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Chapters 7, 9, and 11 of The Grapes of Wrath insert information about the Great Depression and the migrant movement so that readers can build a larger perspective about these issues. As you read these chapters, which are sometimes called interchapters, it is important to consider how John Steinbeck probably intended readers to interpret them. It is also necessary to keep track of the point of view, which shifts continually. Good questions to ask yourself include: Who is speaking in each chapter/paragraph/line? Which passages use irony, and which are serious? What emotions does John Steinbeck intend to elicit in the reader through each of the interchapters? Why does John Steinbeck omit the quotation marks around the dialog in interchapters?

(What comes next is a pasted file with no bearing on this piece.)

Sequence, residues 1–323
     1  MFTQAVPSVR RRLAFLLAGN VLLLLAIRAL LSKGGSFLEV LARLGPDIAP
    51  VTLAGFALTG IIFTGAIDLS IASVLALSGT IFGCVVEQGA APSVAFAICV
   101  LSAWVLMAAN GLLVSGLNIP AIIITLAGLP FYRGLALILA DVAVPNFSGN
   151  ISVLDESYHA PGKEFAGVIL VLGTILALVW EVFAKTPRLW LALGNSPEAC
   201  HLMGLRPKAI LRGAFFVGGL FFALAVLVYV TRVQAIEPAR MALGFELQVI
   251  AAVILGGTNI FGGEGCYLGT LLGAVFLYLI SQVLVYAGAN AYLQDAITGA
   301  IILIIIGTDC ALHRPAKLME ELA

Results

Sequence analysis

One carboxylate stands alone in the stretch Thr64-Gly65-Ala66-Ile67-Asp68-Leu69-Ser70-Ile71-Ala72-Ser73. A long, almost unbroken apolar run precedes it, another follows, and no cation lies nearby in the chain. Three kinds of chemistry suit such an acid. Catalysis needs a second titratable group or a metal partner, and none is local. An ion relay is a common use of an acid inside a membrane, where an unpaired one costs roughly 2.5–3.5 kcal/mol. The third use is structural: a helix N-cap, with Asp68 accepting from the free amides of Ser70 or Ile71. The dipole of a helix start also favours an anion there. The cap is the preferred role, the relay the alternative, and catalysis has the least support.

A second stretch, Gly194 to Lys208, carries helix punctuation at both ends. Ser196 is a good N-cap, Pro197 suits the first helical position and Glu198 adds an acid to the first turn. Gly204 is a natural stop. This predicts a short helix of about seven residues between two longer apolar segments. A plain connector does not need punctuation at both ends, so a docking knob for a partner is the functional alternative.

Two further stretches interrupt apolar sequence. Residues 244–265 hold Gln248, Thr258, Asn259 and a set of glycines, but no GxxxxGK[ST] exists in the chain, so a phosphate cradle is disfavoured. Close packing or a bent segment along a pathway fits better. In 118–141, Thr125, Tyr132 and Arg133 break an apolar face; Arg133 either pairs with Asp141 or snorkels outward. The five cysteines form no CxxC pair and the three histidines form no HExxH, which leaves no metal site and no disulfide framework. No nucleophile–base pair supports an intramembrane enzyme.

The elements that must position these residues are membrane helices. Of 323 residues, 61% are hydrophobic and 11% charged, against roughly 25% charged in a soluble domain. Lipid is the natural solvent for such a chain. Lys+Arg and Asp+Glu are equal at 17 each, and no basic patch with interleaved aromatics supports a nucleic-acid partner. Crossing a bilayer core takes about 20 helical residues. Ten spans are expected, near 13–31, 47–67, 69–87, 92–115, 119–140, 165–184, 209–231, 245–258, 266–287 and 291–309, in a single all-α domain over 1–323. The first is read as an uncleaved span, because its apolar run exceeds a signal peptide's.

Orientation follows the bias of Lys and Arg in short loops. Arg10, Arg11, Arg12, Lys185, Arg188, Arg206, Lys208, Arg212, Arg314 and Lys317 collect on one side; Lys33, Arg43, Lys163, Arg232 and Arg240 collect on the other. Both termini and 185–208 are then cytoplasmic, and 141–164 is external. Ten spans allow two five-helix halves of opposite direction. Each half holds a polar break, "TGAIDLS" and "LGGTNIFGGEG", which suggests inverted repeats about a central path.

Chapters 8 and 10 focus on Tom Joad's reunion with his family and on the Joads' preparations for the trip to California. Good questions about literary narrative usually focus on how and why the events happen the way they do, not just on what happens. As you read these chapters, try to figure out the thematic meanings behind the characters' actions. Why are Ma and Pa afraid when they first see Tom? Why does Jim Casy resist praying? How and why does John Steinbeck compare Jim Casy to Jesus Christ? Why does Ma get angry at Pa in chapter 10, and how does her anger contribute to the development of the novel's themes? Why does Grampa want to stay behind, and how does his resistance contribute to the development of the novel's themes?
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